Digital platform strategies are stepping into the limelight and leading mainstream business change.
At the MIT IDE Platform Strategy Summit last week, Paul Daugherty, CTO of Accenture, (pictured, left) reinforced this concept to more than 150 industry and academic leaders talking about how much platform services are redefining ecosystems and industries. They are becoming so prevalent, he and other speakers noted, that
by next year 100 new digital industry platforms will be launched in sectors like retail, manufacturing, healthcare and law.
That’s a significant shift from the first wave of primarily high-tech businesses--Apple, Amazon, Facebook and Microsoft--that moved toward open networked partnerships versus products to create revenue and value.
And while there’s lots of buzz about disruptive platform upstarts—notably Uber, Lyft and Airbnb—taking on established markets without any products or infrastructure, Daughterty said that old-line businesses such as John Deere, Home Depot and Accenture's own cloud business are also rethinking their business models around service offerings. Many want to avoid the failures of Fortune 500 companies–think AOL and RadioShack--or the precipitous decline of BlackBerry's market share. The new models create network-effect value for customers and the business by collaborating with others. Tractor company John Deere, for example, is turning its main product into a platform for improving crop production.
Eighty-one percent of those surveyed by Accenture believe that industry boundaries will blur as platforms reshape organizations into interconnected ecosystems, and 60% plan to engage new digital partners within their industries in two years, Daugherty said.
Marshall VanAlstyne, an IDE organizer of the summit and platform expert also highlighted the dramatic change caused by network effects. He contrasted Kodak’s decline with Instagram’s rise, for instance, and Toyota’s huge resources versus Uber’s determination and moxie. Platform providers are “knocking off established market cap leaders” by offering “rich, industry building blocks and services,” he said. (View his slides here). Later in the day, panels examined the healthcare, education and legal industries, in particular. Apigee CEO Chet Kapoor, also discussed how traditional firms like Walmart, Burberry and Nike entered the platform ecosystem, as well. (See full agenda here.)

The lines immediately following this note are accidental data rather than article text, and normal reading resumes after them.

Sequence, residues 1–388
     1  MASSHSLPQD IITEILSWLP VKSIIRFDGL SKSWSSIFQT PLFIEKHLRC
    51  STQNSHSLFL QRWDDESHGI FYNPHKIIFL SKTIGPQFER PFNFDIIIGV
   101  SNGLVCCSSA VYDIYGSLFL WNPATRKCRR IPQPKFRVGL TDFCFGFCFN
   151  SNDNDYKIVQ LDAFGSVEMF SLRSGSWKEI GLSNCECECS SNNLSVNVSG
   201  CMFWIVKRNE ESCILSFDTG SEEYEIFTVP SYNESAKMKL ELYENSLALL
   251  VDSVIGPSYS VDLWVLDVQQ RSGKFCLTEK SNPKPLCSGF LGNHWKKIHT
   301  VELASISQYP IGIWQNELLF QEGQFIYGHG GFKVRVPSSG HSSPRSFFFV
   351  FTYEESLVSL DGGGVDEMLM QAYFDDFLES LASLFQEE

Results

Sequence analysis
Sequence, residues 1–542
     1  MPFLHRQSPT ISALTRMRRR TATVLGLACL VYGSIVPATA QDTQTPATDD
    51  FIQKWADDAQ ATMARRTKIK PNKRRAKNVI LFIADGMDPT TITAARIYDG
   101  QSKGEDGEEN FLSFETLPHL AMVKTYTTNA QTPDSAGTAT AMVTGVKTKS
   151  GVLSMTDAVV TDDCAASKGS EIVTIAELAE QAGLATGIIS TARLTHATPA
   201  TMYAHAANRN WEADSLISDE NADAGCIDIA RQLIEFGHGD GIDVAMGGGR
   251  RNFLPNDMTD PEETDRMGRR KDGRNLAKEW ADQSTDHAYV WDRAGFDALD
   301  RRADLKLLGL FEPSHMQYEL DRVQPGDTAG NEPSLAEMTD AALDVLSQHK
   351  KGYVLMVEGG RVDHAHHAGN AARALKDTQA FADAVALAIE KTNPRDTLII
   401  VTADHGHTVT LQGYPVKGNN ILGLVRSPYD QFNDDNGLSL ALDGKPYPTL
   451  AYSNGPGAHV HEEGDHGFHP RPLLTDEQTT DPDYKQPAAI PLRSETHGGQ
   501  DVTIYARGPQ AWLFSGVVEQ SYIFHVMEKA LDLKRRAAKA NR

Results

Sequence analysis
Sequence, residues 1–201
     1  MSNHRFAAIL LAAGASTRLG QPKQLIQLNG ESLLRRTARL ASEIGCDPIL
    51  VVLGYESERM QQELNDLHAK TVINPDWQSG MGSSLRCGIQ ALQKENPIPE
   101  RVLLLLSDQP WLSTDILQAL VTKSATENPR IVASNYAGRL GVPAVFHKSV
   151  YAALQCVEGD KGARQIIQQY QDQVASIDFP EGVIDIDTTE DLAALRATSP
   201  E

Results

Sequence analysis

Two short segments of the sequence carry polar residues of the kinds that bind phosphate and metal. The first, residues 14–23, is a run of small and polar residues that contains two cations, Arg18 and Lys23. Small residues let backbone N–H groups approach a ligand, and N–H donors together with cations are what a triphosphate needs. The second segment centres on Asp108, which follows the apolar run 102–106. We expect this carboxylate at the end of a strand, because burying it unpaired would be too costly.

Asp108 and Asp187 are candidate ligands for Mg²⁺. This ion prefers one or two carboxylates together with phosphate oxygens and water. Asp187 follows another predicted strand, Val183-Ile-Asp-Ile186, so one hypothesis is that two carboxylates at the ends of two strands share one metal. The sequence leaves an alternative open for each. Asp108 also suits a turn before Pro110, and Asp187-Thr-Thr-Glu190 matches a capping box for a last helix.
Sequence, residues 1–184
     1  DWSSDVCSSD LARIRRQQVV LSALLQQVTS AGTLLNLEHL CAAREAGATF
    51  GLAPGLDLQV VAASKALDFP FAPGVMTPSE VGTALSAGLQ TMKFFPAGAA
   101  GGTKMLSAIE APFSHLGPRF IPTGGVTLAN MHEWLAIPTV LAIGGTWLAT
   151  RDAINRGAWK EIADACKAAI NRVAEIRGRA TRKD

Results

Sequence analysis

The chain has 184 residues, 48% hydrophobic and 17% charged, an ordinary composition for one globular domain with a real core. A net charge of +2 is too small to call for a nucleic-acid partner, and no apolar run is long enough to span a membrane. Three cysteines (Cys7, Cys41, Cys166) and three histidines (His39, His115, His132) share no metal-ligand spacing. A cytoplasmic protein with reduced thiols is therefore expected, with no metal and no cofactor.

Naturally, there are still many challenges to overcome and dichotomies that every business will have to balance. Among these, Daugherty offered several key challenges to consider: how much to compete or to partner; whether to keep business and APIs proprietary versus open; the dilemmas posed by data sharing and openness, and how much to fund new investments or leverage existing resources.
Ultimately, platform businesses must shift their mindset and models to selling outcomes, not products, experts said. And that involves lots of self-examination about what business you are in now and where you’ll be in the future. It also means that just as industries figure it out, a new crop of upstarts—with even newer technology tools-- may take the limelight tomorrow.
Watch video clips from Marshall's April 2015 presentation here.